Early detection of wildfires is vital to reduce fire caused deaths and property loss, and to prevent disastrous impact on wildlife and the environment, as well as to minimize the economic loss of the government on firefighting. Traditional approaches to wildfire detection often have delays, for example, fire observation towers take time to install and run but they only cover a small area; others may tend to be uneconomical, such as spotter aircrafts which are expensive to run but only operable for a short time.
In recent years, more satellite data on earth surface observation become available and this opens the door for new methods to be developed, which are expected to be prompt in time when fires are still small. However, the current satellite image-based detection methods are still ineffective for early fire detection due to low spatial or temporal resolution of the sensors. That says, wildfires usually cannot be detected directly by the satellites until they have burnt for a relatively long time and to a relatively large scale.
Instead of direct fire detection, smoke detection is expected to an alternative method since smoke disperses very fast into the air and can be visibly detected by the satellites quicker than fire. However, there remains many challenges. First, smoke has similar characteristics with cloud, dust, haze, which are difficult to be visually distinguished most of the time. Due to this, the false positive rate of smoke detection remains high for most developed models. Second, smoke does not have fixed shapes, which usually change very fast especially when there are winds. This will dramatically increase the complexity of the smoke detection models. Furthermore, the characteristics of smoke are closely associated with the fuels and are subject to the local environmental conditions, which makes the detection models hard to be applied to a different area without further adjustment. The differences between the sensor specifications also raise challenges for model reapplication and integration.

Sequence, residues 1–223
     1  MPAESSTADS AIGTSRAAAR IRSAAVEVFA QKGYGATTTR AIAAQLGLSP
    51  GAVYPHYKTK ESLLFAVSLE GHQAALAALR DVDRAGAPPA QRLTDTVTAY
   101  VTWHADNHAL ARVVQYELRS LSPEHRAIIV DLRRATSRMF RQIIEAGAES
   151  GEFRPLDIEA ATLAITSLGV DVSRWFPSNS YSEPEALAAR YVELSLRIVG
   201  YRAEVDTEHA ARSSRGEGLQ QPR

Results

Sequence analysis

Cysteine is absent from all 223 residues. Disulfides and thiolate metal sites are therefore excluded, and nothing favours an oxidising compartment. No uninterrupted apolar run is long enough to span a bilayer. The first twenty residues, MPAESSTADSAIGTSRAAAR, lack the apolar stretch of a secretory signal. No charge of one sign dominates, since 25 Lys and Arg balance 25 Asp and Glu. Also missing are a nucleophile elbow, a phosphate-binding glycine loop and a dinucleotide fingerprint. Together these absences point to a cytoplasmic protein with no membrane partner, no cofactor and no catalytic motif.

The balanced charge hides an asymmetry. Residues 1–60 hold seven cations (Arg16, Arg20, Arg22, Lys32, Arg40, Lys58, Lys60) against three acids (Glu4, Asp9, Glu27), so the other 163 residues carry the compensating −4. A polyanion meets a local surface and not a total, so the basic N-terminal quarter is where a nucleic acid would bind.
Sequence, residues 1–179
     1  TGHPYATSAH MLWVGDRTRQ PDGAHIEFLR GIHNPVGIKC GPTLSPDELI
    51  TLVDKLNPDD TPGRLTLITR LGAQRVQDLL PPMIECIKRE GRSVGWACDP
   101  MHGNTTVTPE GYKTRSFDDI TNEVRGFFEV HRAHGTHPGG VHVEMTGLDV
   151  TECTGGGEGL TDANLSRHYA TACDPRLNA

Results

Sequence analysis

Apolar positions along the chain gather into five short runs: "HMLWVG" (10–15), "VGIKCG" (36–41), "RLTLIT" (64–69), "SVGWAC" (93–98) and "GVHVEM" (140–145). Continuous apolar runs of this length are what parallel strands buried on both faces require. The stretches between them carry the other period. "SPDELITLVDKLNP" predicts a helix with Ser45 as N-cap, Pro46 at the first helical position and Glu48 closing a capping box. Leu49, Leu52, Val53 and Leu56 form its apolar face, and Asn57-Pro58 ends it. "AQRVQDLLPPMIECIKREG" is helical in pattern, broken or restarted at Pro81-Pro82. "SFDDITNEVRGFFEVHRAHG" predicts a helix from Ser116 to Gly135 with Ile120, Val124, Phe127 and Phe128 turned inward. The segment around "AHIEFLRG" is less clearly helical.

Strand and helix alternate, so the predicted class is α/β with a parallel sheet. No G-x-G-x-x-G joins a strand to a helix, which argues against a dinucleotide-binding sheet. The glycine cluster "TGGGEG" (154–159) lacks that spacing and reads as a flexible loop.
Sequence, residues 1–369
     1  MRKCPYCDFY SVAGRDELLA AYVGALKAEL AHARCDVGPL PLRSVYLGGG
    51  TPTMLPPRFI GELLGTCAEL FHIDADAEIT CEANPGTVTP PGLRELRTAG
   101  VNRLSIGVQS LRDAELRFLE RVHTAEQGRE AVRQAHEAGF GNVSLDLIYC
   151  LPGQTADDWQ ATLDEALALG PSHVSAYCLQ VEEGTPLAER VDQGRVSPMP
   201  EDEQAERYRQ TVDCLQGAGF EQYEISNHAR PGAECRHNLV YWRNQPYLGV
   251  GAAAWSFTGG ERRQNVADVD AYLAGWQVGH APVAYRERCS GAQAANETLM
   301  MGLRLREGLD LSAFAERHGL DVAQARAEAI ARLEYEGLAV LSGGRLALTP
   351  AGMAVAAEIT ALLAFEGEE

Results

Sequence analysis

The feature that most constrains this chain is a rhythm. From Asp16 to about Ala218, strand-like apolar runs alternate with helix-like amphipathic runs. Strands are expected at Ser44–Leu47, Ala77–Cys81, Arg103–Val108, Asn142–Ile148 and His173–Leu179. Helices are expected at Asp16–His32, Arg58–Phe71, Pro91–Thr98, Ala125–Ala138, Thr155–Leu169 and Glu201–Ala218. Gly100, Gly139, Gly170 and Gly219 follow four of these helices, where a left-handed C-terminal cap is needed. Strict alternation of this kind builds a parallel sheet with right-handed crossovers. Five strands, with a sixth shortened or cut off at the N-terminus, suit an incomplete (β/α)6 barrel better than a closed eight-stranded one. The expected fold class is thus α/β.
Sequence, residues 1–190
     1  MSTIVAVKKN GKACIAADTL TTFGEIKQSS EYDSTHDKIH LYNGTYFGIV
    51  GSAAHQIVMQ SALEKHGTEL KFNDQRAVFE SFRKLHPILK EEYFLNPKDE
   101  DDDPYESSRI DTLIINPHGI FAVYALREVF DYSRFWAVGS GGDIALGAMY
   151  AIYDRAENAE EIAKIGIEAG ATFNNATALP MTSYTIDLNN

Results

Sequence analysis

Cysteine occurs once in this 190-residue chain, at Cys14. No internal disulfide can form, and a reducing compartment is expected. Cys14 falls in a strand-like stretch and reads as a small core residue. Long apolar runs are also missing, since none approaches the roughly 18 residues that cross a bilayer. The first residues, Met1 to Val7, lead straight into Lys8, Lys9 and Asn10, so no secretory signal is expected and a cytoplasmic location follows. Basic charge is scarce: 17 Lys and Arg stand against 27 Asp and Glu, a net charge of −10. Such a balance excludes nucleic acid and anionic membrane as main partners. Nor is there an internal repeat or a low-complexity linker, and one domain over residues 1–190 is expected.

This project aims to develop practical machine learning technologies which can address the above challenges for smoke detection based on satellite imagery. The technologies are expected to become a new way to address the fire detection problems in vast remote areas. The application of the technologies is hoped to reduce the cost of running remote fire towers, to mitigate the risks on people working at the towers, and to shorten the decision time between the start of the fire and proper reactions taken.
Associate Professor Jixue Liu, University of South Australia
Liang Zhai, University of South Australia